This originally appeared at Libertarian Home
The modern world being the way it is, if you’re the sort who’d like to see the size of government decrease (no matter by how much) you’re likely to have heard variations on “If you don’t like it, leave” more times than you can remember. Usually it’s said with not only an air of self-satisfaction, but one of finality. So powerful is this phrase believed to be, that uttering it must render any further argument moot; it is the last word in any political controversy. Fortunately, this is indeed true.
I say fortunately because “if you don’t like it, leave” is a double-edged sword, and a pretty handy one, too. Don’t think the State should build more libraries? Go and live in a rainforest, then. Don’t think the government is building enough libraries? Okay, you know where the door is. Think the State is spending too much on single mothers? Go on, move to Somalia. Want the government to spend more on single mothers? Off you pop, what’s keeping you? Assuming – and it is a rather questionable assumption – that the point is valid in the one case, it must be valid in the opposite one; and likewise for every possible case where government acts or refrains from acting.
In short, all criticism of government is at an end. On principle the statist who would like his opponent to go into self-imposed exile must accept that the government can do whatever it likes – not limited to those things that he himself likes and wishes it would do. And, because he is a man of principle, he is duty bound to support the government every step of the way and even when it is standing still.
(Incidentally, there is a parallel non-argument, “if you like it so much, go there”. For instance, gays who aren’t happy that civilians in a country that criminalises homosexuality are being bombed by a country that doesn’t criminalise homosexuality are “stupid”, rather than simply able to distinguish between things that are clearly distinct.)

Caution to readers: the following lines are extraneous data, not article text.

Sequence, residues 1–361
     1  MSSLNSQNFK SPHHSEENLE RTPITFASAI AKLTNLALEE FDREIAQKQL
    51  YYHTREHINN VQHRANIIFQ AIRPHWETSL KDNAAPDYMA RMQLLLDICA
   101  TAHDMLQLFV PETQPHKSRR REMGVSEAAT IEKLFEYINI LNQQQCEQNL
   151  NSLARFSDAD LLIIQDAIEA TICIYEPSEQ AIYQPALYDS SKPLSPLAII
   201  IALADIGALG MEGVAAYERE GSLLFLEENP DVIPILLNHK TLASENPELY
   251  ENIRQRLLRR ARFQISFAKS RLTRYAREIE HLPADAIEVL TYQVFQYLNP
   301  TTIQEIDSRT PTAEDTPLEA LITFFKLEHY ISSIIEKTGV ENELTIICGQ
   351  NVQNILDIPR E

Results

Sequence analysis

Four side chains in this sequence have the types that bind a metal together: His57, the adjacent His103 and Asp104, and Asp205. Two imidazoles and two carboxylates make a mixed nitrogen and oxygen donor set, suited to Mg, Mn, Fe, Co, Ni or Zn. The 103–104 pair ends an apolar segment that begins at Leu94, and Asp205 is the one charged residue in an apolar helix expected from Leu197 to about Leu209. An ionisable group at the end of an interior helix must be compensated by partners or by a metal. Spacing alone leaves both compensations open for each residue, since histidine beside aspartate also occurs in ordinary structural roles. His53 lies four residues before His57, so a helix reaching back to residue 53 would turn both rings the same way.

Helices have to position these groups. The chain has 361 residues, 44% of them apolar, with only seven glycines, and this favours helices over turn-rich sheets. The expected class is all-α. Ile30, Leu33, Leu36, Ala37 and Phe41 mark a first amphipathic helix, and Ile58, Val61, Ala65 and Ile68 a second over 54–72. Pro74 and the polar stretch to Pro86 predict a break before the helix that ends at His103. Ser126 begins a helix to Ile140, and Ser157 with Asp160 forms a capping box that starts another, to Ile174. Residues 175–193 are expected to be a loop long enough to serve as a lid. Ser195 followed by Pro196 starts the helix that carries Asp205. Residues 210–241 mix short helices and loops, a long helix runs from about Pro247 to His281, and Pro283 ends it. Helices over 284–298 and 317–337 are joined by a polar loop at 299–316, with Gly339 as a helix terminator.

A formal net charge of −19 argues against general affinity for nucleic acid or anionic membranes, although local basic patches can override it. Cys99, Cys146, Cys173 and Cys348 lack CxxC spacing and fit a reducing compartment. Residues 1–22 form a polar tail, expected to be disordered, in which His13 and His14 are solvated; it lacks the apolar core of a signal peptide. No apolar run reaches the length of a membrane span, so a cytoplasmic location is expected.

Now, of course the most common place to hear this type of thing is in arguments about taxation, this being the foundation of everything a government does. So, if you think tax rates, either in general or for particular groups, are too high… well, you should pack your bags and move somewhere else you selfish, heartless bastard.
But, as we have seen, the argument, if valid – and those who make it certainly think it is – cuts both ways. If complaints about taxes being too high are impermissible, so too must be complaints about taxes being too low. Unfortunately for our principled statist, then, neither could he object if the government were to increase the taxes of particular groups he happens to like even up to the level of total expropriation, nor could he object to it cutting the taxes of those whom he happens to dislike even down to zero. Throughout he would have to cheer the government on, whilst simultaneously rebuking any dissenters for their “immaturity”, “dogmatism”, and so on.
If this isn’t obvious to you, reader – and it wasn’t to me until last week – I would suggest that the reason is that we liberals have conditioned ourselves to be overly defensive. Consider the standard practice in arguments about whether or not tax is theft (and this applies to arguments between a man and himself, no less than “real” arguments). Usually the liberal will attempt to prove that the statist, contrary to his own belief, is a victim of the State. All well and good, of course, but not often a roaring success.
In fact, although convincing the statist that his being taxed is theft is far from impossible, it is far from necessary. All that is needed is to ‘prove’ that you do not consent to your money being taken from you. Now, this is a rather easy thing to do, given that that’s why the argument is happening in the first place. Moreover it serves to make the issue perfectly plain: whether or not you consent to my being taxed is completely irrelevant. Morally (and tax aficionados are nothing if not ‘moral’), “I don’t mind my money being taken from me” and “I don’t mind your money being taken from you,” are very different propositions. “We don’t mind taking your money from you”, is certainly more democratic, but not necessarily more persuasive.